• outdated policies and practices that do not take into account the varying abilities and disabilities that people may have.

In developing this new legislation, the Government of Canada is consulting Canadians both in person and online.
The Government of Canada is seeking your ideas to inform the development of this planned new legislation, including:

  • feedback on the overall goal and approach;
  • whom it should cover;
  • what accessibility issues and barriers it should address;
  • how it could be monitored and enforced;
  • when or how often it should be reviewed;
  • how and when to report to Canadians on its implementation; and
  • how to raise accessibility awareness more generally and support organizations in improving accessibility.

The public consultation will be open until February 2017 and information on viewpoints received will be made available after the consultation is closed.

Canadians are encouraged to visit this site often and explore what's new.

Latest activities

In Canada we've made considerable progress in making our society more inclusive. We see this throughout our communities. But there is still work to do.

Canadians with disabilities continue to face barriers in their daily lives. Persistent gaps remain in areas such as employment, income and social inclusion.

As Minister of Sport and Persons with Disabilities, I have been asked to lead a consultation process that will inform the development of new accessibility legislation.

Canadians with disabilities, their families, and the organizations that represent them have been integral to many of the advancements Canada has made in accessibility. To draw on this knowledge and experience, as well as that of businesses, community organizations and government partners, the Government of Canada is conducting consultations to gather input on options for the new legislation.

We have a long road ahead, but this is a big step in helping to ensure our communities become more inclusive for all Canadians.
What does an Accessible Canada mean to you? Please take the time to participate in our online consultation or attend one of our in-person public sessions.

Together, we will make history.

How to participate

By participating in this consultation, you are consenting to, and acknowledging that you have reviewed, understood, and agree to the Privacy Notice Statement; and that your submission, or portions thereof, may be published on Canada.ca, included in publicly available reports on the consultation, and compiled with other responses to the consultation in an open-data submission on Open.Canada.ca.

  • Participate in the online questionnaire; The questionnaire is also available in an accessible PDF version.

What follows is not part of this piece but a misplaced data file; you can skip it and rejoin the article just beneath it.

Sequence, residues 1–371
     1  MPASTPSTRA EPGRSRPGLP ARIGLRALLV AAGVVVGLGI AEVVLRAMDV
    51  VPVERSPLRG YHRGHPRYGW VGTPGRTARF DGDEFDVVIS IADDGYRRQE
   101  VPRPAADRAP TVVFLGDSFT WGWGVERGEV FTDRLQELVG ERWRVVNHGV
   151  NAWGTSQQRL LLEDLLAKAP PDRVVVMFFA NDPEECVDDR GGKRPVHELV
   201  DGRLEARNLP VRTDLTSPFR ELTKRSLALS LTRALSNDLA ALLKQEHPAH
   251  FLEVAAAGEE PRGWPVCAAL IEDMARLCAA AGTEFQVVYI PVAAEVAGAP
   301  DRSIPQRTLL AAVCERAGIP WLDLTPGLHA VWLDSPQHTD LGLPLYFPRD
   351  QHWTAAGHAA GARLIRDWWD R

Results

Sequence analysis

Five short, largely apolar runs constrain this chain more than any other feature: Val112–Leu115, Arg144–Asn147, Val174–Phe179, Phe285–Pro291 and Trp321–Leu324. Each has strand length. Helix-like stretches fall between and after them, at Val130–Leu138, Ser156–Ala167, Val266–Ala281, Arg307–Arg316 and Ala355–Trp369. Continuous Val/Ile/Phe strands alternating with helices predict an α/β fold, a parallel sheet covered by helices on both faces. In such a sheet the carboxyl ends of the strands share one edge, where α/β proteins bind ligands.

• Submit your feedback in the language of your choice (English, French, American Sign Language or Langue des signes québécoise) and preferred format such as online, handwritten, video or audio submissions. You can provide your input to the Office for Disability Issues via:

Phone: 1-844-836-8126
TTY: 819-934-6649
Fax: 819-953-4797
Email: accessible-canada@hrsdc.gc.ca
Mail:
Consultation - Accessibility Legislation
c/o Office for Disability Issues
Employment and Social Development Canada
105 Hotel-de-ville St., 1st floor, Bag 62
Gatineau QC K1A 0J9

All of the feedback we receive will be incorporated into reports that will be made available on the consultation website and in alternate formats, on request.

You can also consult the Discussion Guide for more information.

Inspirational Quote

"The two most important days in your life are the day you are born and the day you find out why."
–Mark Twain

CNIB Fundraising Highlights
By Trevor Freeborn

On November 23, CNIB held its first Dining in the Dark luncheon at Gypsy Tea Room in St. John's. Our Dining in the Dark events are a popular fundraiser for CNIB as well as an opportunity to raise awareness about some of the orientation techniques used by those living with vision loss. Gypsy Tea Room and their staff were once again excellent hosts for a successful event that was attended by more than 50 diners. We were able to raise funds to support our postsecondary program which helps further our college-bound clients on their road to success.

We're always happy to welcome new fundraisers. Every year people find creative ways to help the CNIB through Facebook online auctions, bake sales, casual day 'toonie' drives, and hosting BBQs and casino nights, to name a few. If you have an idea for a fundraiser, please contact us at 1-800-563-2642.

Canadian Council of the Blind (CCB) Updates
By Yong Ko, CNIB Volunteer

CCB is excited to announce the following fundraising activities during the 4th quarter.
Corner Brook Chapter
-      Curling started at the end of November. This event will be held on Saturdays.
-      Christmas Party on December 7th.
-      New Year's Eve party and fundraiser on December 31st. 110 tickets ($25 per person) have been printed. The party will start at 7pm and the dinner will begin at 8pm.
-      30 voting members registered in 2016
CCB chapters hold regular monthly meetings from September to June. CCB members participate in activities such as curling, snow shoeing, ice hockey, cross country skiing, skating, lawn bowling, croquet, bocce, golf, darts, bowling, swimming, goalball and various track and field activities. Activities vary by chapter. Clients living in St. John's area can enjoy croquet and bocce every Monday near 6:30pm at the St. John's Lions Club on Bonaventure Avenue.

Inspirational Quote

"You are not a drop in the ocean. You are the entire ocean, in a drop."

– Rumi

Classifieds Section of CNIB-NL Newsletter

Do you have any independent living aids or technology you would like to sell or give away to a fellow newsletter reader, or would you like to put up a wanted ad for one? If so, send us a request by mail at 70 The Boulevard, A1A 1K2, St. John's, fax at (709) 754 2018 or email at lynsey.soper@cnib.ca.

We Are Here for You - Contact Us

St. John's Office
70 The Boulevard
A1A 1K2
(709) 754-1180

Corner Brook
3 Herald Avenue, 1st Floor
A2H 4B8
(709) 639-9167

Grand Falls-Windsor
1A O'Neill Avenue
P.O. Box 442
A2A 2J8
(709) 489-6515

Happy Valley – Goose Bay
49 Grenfell Street
A0P 1E0
(709) 896-8302

 
Call Toll Free to all offices: 1-800-563-2642